Information from FDRI will provide the basis for future national- and local- level climate impact mitigation and adaptation strategies. It will underpin the evidence base for future investment in flood and drought protection schemes (enabling the adoption of more sustainable and adaptive solutions) and the delivery of national and international policies.

What is the FDRI and where will it be located?

We propose that this investment will enable focused observations of water input, movement, and storage in three well characterised river catchments, one in England, Wales and Scotland, with mobile instruments available for UK-wide deployment (see Figure). The number of catchments will be confirmed following detailed costing. Digital solutions will underpin the observational infrastructure and facilitate data use.

More specifically:

  • FDRI will be a network of community co-designed observatories providing nationally-relevant data, including deployable mobile instrumentation that will meet UK-wide science needs. 
  • FDRI will create a step-change in data-discovery, -access and -integration, enabling more efficient analysis and exciting scientific exploration of a range of environmental data. 
  • FDRI will include a capacity building programme to instil a strong culture of community leadership, multi-disciplinary, and collaborative working with consideration for skill-sharing, training and inclusion, cultivating the next generation of world-leading hydrological researchers.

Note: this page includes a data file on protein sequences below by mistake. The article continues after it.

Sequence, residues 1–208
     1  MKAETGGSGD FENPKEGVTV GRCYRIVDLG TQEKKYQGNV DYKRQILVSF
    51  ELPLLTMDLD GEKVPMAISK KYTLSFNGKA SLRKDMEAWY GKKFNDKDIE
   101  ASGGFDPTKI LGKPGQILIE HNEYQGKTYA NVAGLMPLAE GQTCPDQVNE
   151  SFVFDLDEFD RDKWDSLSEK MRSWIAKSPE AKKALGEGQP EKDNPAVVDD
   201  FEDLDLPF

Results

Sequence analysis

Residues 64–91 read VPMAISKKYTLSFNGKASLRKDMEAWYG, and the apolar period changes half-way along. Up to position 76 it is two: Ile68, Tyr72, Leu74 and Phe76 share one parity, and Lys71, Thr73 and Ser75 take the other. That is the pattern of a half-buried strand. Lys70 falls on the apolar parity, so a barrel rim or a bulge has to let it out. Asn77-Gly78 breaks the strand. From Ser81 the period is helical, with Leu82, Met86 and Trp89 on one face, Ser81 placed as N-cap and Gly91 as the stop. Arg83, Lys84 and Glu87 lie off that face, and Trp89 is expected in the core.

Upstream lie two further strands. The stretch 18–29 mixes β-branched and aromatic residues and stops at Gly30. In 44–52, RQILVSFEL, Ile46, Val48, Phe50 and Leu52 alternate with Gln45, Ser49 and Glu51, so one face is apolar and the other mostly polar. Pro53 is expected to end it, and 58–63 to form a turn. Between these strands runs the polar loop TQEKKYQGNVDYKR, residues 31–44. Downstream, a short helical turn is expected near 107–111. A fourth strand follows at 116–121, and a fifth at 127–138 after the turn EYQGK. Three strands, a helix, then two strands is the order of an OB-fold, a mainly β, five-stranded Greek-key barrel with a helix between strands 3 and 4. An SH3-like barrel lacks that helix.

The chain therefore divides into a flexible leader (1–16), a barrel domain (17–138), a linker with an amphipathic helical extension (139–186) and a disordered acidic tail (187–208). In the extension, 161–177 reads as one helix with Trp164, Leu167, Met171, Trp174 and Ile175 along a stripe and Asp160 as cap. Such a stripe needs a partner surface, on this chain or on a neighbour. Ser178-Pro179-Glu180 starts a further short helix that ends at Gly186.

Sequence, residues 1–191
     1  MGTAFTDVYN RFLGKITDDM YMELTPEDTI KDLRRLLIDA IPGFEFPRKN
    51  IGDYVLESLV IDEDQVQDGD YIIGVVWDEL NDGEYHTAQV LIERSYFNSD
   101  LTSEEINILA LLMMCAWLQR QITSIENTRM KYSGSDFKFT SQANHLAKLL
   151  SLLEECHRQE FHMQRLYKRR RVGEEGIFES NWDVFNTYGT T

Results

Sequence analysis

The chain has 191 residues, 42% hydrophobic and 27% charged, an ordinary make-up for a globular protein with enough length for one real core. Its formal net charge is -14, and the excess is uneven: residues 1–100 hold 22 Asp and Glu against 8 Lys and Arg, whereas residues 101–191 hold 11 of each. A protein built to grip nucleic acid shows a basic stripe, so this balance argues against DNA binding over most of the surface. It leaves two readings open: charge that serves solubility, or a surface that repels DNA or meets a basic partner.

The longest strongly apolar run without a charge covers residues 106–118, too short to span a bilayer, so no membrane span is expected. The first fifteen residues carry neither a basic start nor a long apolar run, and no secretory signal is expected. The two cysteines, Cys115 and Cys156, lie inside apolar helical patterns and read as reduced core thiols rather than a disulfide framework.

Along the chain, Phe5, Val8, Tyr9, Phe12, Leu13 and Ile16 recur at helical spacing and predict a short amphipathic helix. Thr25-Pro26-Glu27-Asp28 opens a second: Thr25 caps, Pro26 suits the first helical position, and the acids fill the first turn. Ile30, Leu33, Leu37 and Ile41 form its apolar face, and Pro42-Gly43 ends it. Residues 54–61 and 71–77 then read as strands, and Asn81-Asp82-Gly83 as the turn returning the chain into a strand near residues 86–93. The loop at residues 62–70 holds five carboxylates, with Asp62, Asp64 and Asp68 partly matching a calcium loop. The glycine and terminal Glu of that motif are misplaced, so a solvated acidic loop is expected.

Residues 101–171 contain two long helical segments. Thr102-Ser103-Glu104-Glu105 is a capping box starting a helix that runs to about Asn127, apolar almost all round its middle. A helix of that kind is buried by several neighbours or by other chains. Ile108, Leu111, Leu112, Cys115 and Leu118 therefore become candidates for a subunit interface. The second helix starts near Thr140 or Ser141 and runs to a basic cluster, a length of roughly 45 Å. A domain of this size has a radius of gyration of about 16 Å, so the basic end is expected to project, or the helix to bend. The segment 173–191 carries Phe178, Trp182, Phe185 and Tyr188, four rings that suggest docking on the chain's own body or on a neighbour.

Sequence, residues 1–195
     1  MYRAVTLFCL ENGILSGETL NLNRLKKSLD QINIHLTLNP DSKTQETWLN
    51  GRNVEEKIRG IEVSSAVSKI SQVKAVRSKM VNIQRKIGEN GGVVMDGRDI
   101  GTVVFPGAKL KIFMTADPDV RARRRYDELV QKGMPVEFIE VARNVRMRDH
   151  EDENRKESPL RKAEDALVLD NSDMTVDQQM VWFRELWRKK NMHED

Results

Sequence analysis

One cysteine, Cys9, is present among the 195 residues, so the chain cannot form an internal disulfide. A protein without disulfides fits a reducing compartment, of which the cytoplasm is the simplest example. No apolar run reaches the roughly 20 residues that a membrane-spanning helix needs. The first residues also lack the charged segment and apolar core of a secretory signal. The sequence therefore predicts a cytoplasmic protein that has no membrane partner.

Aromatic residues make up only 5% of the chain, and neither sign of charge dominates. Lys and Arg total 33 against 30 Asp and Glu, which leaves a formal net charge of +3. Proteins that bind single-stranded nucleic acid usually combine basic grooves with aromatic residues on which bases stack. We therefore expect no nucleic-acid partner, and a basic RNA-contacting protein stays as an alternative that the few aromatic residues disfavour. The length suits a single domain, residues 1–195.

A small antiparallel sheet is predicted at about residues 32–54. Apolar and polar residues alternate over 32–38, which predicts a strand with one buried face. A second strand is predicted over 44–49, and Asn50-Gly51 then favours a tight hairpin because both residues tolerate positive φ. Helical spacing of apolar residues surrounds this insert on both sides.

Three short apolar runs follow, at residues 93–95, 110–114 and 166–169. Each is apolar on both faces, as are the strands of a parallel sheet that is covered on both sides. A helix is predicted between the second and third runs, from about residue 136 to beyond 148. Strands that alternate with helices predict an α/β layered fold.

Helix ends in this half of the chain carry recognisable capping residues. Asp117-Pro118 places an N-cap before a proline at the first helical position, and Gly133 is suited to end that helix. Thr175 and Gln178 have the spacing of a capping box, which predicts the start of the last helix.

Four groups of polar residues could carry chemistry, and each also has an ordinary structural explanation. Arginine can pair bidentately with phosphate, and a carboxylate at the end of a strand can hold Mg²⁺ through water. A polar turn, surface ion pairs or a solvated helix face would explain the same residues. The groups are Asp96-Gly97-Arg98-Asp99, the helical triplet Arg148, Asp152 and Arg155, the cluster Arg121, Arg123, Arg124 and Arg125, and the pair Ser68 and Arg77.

• FDRI will include an innovation programme and field test-beds that will support and catalyse research and development of the most advanced monitoring technologies, in line with the UK's Government's Innovation Strategy.
  • FDRI will be a sustainable infrastructure aligned with the UK's net zero ambitions.

 

Flowchart linking the elements of an integrated sensor network on a basin
Figure 1: Illustration of the indicative FDRI infrastructure for one observatory hosting fixed infrastructure.

 

Scientific basis for FDRI

The overarching aim of FDRI is to provide observations of key components of the terrestrial water cycle, along with a complimentary digital infrastructure, that will facilitate new science to enhance the UK’s resilience to floods and droughts.

Extensive community consultations and reviews throughout the Phase 1 Scoping Study identified the following key flood and drought science questions that are critical to making a step change in our understanding:

  • What are the key flood and drought generation processes in different catchments? 
  • Where, and how, does water flow and get stored? How does water quality change during floods and droughts?